When only examination of stool specimens is available, specificity in nonendemic regions.24 Clinicians should be
the WHO/PAHO recommends that morphologically con- familiar with the specifications of the kits used in their
sistent cysts and trophozoites receive the nonspecific diag- laboratory and confirm a suspected diagnosis if indicated.
nosis E histolytica/E dispar,1 which could now be aug- The highest sensitivity and specificity for the diagnosis
mented to include E moshkovskii. The clinician must of E histolytica are offered by DNA-based tests. Many
then interpret this laboratory result in the context of the assays are available, including conventional and real-time
individual patient and determine whether treatment is polymerase chain reaction formats3; however, they are cur-
warranted. rently used primarily by research and reference laborato-
When possible, E histolytica should be definitively ries. Like most molecular amplification assays, they re-
identified.1 Identification methods include biopsy, serol- main impractical for resource-limited settings because of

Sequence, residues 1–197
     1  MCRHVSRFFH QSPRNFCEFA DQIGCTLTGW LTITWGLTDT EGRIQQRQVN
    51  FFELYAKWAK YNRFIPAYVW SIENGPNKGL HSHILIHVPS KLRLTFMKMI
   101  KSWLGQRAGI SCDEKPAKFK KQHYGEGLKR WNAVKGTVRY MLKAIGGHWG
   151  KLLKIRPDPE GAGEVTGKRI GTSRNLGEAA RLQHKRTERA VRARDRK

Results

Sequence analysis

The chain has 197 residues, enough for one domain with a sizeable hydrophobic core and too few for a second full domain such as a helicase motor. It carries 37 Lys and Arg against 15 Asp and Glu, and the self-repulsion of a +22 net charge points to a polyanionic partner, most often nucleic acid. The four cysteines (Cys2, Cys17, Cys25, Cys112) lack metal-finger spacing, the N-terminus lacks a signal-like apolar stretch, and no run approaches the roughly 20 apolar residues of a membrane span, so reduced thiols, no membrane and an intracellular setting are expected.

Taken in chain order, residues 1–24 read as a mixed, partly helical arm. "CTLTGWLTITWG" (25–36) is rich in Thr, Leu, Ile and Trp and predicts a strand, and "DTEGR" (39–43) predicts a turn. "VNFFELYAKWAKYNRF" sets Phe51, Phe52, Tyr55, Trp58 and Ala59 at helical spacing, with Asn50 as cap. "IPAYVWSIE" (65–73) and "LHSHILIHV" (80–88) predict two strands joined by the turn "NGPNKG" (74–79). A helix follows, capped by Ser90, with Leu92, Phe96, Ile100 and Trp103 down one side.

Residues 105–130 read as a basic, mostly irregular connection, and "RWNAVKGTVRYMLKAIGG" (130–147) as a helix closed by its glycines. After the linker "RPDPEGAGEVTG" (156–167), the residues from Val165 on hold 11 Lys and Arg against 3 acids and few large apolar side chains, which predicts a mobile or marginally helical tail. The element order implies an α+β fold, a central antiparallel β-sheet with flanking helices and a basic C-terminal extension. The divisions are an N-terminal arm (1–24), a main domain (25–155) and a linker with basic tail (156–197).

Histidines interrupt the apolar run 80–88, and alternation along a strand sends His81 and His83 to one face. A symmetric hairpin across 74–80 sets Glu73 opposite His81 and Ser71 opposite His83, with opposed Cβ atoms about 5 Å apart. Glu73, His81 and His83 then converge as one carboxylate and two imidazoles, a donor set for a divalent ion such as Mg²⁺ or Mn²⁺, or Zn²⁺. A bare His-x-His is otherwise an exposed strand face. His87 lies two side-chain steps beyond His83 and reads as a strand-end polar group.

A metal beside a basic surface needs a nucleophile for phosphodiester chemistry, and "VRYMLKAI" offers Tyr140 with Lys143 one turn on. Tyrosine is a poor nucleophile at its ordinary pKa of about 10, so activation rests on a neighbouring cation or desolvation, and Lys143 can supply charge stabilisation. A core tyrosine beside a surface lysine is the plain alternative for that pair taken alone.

ogy, antigen detection, and molecular assays. Culture may their equipment, personnel, and facility requirements.
be performed by some large specialty laboratories but is
technically challenging and time-consuming. Furthermore,
a negative culture result from intestinal samples does not
exclude E histolytica1 because sensitivity is less than The differential diagnosis of amebic colitis must include
100%. Culture followed by isoenzyme analysis is the crite- bacterial (eg, Salmonella and Shigella spp, Mycobacterium
rion standard in diagnosis; however, it will likely be re- tuberculosis), parasitic (eg, Schistosoma mansoni, Balan-